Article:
David Brown, Visiting Associate Professor of Chemistry, is set to retire after 15 years of service to the College. It all began with an initial appointment to fill a visiting faculty position in 1997—“a rescue of two mutually needy parties,” Brown quipped.
Born in Cedartown, Ga., Brown earned a B.S. in chemistry from Berry College in nearby Rome, Ga., minoring in mathematics. Berry is a small liberal arts college much like Davidson, and Brown’s experience there would shape his future career.
“During my own undergraduate and graduate education, I attended a small liberal arts college, a large, public university and finally a medium-sized private university,” he said. “In my opinion, for undergraduates, the liberal arts college education is far superior to both of the other two options.”
A transformative experience during Brown’s undergraduate education was, like for many Davidson students, studying abroad. Studying in Austria and Germany, according to Brown, “influenced my eventual decision to seek employment with a German chemical firm.”
First came graduate school. After “two years of misery” in graduate school at Florida State University, Brown transferred to Emory, earning his Ph.D. in synthetic organic chemistry in 1986.
After graduating, Brown got a job in the chemical industry working for the German chemical company Hoechst Celanese. Over the course of his time there, Brown was exposed to a wide range of projects, “from classical R&D, to pilot plant scale-up, to safety and environmental issues, to corporate recruiting at colleges and universities, to working with marketing and customers, to international chemical issues with our parent company in Germany and, eventually, to human resources and management issues,” he said.
“Of course, I enjoyed the organic chemistry projects the most,” he added. Those included a wide variety of topics, from light-sensitive polymer coatings for computer chips, to dyes, lubricants and surfactants, to synthetic textiles and plastic beverage bottles.
But, anticipating an impending breakup of Hoechst Celanese, Brown began to look for other employers, happening by chance on Davidson in 1997, when a visiting position in organic chemistry was being advertised. He was offered the one-year position, which he accepted.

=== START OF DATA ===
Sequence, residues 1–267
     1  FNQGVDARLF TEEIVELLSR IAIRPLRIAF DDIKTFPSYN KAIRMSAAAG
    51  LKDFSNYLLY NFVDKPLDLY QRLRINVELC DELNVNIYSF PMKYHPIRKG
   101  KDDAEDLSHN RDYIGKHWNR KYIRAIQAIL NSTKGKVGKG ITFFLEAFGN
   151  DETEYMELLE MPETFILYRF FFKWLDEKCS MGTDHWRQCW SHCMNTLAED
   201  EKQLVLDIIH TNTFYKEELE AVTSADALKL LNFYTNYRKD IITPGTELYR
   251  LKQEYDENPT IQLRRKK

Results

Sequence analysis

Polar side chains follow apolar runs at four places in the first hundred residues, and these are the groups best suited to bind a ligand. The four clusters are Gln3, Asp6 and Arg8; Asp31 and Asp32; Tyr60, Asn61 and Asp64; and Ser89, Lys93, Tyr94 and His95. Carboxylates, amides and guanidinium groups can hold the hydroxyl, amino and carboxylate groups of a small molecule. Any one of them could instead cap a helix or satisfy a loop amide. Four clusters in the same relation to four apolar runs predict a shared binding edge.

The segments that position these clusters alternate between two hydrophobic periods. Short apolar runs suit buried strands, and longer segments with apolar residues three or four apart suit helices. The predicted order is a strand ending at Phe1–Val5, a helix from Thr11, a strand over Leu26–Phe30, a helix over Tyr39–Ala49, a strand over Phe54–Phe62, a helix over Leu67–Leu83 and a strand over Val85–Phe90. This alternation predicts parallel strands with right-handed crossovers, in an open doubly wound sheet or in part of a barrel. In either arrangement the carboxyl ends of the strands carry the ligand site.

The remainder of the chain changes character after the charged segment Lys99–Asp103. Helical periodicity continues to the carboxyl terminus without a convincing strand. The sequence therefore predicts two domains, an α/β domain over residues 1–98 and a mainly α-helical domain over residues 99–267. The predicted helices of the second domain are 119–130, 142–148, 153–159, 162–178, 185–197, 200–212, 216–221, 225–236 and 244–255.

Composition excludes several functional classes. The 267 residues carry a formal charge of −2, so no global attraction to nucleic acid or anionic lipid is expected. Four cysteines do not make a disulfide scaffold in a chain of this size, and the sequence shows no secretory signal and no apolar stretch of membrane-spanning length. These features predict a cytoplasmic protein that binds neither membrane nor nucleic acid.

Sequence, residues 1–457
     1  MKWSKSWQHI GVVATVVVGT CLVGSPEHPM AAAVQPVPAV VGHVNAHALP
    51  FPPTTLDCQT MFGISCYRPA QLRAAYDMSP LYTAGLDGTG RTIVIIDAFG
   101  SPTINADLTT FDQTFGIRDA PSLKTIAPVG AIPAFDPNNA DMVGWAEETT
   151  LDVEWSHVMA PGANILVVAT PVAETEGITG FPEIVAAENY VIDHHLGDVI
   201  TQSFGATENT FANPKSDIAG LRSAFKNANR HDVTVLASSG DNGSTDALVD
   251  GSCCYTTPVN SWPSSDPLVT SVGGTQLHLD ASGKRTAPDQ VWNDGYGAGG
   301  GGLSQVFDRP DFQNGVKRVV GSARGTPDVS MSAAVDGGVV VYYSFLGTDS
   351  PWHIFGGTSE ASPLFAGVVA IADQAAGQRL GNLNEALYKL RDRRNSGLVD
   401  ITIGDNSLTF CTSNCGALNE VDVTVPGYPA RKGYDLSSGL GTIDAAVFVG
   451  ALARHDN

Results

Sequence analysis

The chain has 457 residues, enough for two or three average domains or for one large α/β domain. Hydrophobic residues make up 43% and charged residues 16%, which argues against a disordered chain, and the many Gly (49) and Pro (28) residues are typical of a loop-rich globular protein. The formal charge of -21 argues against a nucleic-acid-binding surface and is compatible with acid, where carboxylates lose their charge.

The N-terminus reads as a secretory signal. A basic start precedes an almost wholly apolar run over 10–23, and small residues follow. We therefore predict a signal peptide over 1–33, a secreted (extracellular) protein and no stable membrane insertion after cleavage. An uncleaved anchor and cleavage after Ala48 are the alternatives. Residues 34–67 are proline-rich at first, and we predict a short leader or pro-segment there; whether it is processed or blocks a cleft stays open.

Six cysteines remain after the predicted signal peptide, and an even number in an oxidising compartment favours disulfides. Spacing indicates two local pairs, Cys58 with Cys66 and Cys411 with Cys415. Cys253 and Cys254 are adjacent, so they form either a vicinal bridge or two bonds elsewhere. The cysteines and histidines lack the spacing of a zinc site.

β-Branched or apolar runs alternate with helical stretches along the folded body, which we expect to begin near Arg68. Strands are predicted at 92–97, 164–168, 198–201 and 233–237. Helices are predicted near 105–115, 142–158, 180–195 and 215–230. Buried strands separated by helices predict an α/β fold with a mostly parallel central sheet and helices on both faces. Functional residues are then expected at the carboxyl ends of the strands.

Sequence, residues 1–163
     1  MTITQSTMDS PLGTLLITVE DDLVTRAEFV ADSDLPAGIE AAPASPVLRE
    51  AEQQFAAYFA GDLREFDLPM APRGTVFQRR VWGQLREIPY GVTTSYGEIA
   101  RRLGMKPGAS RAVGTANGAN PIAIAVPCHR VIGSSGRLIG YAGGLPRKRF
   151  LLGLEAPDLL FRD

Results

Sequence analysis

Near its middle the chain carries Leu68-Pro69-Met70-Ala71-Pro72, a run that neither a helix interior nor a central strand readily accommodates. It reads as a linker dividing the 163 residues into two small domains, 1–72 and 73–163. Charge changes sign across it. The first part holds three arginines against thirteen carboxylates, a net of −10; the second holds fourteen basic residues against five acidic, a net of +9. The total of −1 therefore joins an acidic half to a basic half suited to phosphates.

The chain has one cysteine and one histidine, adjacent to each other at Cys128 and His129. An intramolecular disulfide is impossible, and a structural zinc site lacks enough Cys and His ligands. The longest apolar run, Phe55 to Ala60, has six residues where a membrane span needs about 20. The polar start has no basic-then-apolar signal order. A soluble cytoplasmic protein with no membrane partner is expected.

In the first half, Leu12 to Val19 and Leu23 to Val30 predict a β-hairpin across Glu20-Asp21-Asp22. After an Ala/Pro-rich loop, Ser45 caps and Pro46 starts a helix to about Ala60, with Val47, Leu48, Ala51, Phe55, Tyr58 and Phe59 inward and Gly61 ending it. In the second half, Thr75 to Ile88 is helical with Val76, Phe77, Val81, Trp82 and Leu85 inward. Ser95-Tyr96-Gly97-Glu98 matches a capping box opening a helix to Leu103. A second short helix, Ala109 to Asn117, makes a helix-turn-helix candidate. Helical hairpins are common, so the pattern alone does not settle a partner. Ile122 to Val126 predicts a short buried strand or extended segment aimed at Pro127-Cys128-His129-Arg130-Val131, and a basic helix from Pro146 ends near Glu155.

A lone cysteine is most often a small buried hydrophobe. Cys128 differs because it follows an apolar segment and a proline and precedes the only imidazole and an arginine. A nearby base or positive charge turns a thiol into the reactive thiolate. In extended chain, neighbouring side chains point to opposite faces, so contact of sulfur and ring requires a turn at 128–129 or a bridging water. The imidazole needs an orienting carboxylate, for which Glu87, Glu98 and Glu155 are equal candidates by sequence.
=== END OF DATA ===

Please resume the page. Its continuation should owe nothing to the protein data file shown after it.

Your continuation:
“At the end of that year, I expressed my love for my new job and my desire to continue for one more year,” Brown said, “and the administration agreed graciously to renew my contract for one more year! And now, here I am 15 years later, still enjoying myself.”
In addition to time in the classroom, Brown has spent his career working on a number of problems within the larger umbrella of green chemistry, which aims to develop more environmentally friendly chemical products and manufacturing processes. Specifically, he is interested in natural products (herbs and plant chemicals) and polymers.
His most recent and, according to Brown his most exciting, project has been developing a catalyst that, when incorporated into cigarette filters, causes the cellulose acetate in unsightly cigarette butts to break down over time. Eventually nothing is left but glucose and acetic acid, which wash away with no detriment to the environment.
In addition to research on greener chemical reagents, catalysts, polymers and solvents, Brown has worked on green chemistry pedagogy, policy and developing a global peer network, as well as “helping transition North Carolina from a furniture-, textile-, and tobacco-based economy into a professionally educated, green, natural products- and wine-based and scientific R&D-based economy.”
As for the big changes on campus Brown has seen in his time at Davidson, he cites the growth of the campus with new and refurbished buildings, from the conversion of Johnston Gym to the Union, to the construction of Tomlinson, Watson, Davis, the Duke Family Performance Hall and now the new dorms, plus countless wide-ranging refurbishment projects.
“One building still in sore need of attention is Martin,” Brown added. “All of the other liberal arts colleges with whom Davidson competes for new students have far superior physical facilities for chemistry, relative to Davidson. Discussions are currently underway to address this, so I am hopeful that our need will be remedied soon—before any other additional major projects are undertaken.”
Aside from facilities, Brown cites “watching the student body grow,” the hiring of new faculty in his department, the appointment of three presidents, including the first female president, and the development of a chemistry minor, an environmental studies major and a biochemistry concentration as particularly notable. Additionally, he has enjoyed “seeing so many of my advisees/mentees continue after four years at Davidson to earn graduate degrees and begin their exciting careers in science and medicine.”
As for science as a whole, Brown is excited by the genomics revolution and the prospect of personalized medicine. “Essentially, this is molecular medicine tailored specifically to every individual person and every major disease—dementia, heart disease, all types of cancer, etc. To me, that is incredibly exciting.”